12. Tanya Says:

    My school, Lewis & Clark College in Portland, Oregon, is very homogeneous, so the admissions department has policies to attract minority students. For example, I know a second-generation Philippine whose plane ticket for a campus visit was paid for by Lewis & Clark. But I feel like despite different racial backgrounds, many of the minority students are just as “white” as the white students. I have close friends who identify themselves Puerto Rican, Philippine, and Mexican, but have never spoken Spanish and don’t seem to offer different backgrounds or perspectives because their socioeconomic status (upper-middle class) usually seems to be a bigger factor in their identity than their race. As a whole, I think the students that aren’t upper middle class usually have more diverse opinions and perspectives to offer than the minority students who are.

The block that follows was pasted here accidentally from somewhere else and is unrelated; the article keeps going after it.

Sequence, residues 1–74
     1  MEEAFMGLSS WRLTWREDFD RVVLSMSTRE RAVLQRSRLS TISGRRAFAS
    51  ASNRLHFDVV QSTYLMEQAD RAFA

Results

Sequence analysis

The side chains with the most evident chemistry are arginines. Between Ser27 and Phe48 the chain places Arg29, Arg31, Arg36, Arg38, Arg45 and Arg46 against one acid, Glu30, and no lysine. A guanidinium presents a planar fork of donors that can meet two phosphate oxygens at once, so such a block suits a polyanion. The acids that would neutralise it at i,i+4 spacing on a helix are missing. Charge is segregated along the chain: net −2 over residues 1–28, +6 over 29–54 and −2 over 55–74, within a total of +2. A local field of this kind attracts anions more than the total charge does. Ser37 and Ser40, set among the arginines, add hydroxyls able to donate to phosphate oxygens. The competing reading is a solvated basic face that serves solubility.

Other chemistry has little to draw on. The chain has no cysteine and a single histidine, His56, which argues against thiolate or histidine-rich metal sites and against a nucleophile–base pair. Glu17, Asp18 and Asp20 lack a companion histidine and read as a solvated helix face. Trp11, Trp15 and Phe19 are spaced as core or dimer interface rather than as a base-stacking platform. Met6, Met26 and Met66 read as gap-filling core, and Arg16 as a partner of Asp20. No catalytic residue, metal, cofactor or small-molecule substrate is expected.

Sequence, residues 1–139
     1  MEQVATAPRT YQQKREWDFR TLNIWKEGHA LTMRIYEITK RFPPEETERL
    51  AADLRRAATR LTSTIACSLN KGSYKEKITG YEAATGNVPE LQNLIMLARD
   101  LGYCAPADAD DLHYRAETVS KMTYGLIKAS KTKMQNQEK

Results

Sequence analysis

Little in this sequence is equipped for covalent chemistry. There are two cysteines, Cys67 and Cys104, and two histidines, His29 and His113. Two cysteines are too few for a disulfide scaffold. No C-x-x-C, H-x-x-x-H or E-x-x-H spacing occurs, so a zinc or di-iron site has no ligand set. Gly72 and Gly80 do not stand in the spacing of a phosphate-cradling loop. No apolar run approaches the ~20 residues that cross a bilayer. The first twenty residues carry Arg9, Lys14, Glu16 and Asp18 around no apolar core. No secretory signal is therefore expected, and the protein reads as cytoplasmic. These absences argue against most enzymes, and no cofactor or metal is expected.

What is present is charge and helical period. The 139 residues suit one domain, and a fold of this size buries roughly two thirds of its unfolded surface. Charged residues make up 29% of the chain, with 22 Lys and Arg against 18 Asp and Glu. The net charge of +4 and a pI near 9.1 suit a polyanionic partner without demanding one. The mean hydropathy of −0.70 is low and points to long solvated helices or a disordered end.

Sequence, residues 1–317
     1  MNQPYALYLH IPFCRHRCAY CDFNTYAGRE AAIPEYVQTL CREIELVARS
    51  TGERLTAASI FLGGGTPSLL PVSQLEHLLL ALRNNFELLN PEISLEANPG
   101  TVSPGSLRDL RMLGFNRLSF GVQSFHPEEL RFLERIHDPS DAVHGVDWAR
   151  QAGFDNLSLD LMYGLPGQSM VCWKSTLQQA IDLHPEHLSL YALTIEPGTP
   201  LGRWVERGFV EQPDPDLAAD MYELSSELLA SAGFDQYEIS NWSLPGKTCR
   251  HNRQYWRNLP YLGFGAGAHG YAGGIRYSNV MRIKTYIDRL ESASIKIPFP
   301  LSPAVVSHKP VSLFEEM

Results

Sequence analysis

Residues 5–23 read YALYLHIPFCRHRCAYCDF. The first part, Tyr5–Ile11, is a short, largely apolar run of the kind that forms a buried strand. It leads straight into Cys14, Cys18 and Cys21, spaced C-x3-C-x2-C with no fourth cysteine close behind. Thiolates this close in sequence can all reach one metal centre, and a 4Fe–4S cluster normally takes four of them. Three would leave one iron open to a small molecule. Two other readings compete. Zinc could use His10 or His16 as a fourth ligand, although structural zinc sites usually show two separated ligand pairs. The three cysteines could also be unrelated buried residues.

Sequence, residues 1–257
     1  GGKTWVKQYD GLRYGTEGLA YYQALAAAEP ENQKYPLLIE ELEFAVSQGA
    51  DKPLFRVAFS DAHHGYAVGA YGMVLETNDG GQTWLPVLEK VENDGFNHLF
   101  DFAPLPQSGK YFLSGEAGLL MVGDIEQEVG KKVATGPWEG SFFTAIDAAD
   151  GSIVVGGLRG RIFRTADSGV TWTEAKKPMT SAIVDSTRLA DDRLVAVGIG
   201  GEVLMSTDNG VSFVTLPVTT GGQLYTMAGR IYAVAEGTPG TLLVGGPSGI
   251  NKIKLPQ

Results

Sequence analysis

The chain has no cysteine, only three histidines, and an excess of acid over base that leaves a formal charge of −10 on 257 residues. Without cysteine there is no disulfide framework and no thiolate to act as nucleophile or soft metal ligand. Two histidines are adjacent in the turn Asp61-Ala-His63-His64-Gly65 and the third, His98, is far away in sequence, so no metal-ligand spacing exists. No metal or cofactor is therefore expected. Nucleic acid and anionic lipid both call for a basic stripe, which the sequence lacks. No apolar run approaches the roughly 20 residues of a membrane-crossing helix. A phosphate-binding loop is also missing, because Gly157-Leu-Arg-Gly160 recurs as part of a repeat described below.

13. EternalVirgin Says:

    Wow. Your writing is amazing. It actually gave me chills!

  14. Alfie Says:

    Wow! What a masterful commoditization of race! In the true spirit of consumerism, I would say.

  15. Sam Jackson Says:

    The Jian Li case was somewhat misrepresented by Dan Golden in the WSJ, imo–I was really glad when he (Li) contacted me after I wrote some about his complaint he filed, because it cleared some things up. I blogged it last November. I was referring to the law school (I think) cases where Karabel mentioned some serious discriminatory lawbreakage.

    But the ‘evidence’ presented by Golden in the Li case was such bs, as he only pulled basically quantitative analyses rather than the same qualitative evaluations which–black box though they were–would have contributed to an admission or rejection as the case might have been. But hearing the subject talk about WHY he filed the complaint made me feel a little bit better about it–it didn’t seem as petty or crazy as the article made it first appear.

  16. Elle Says: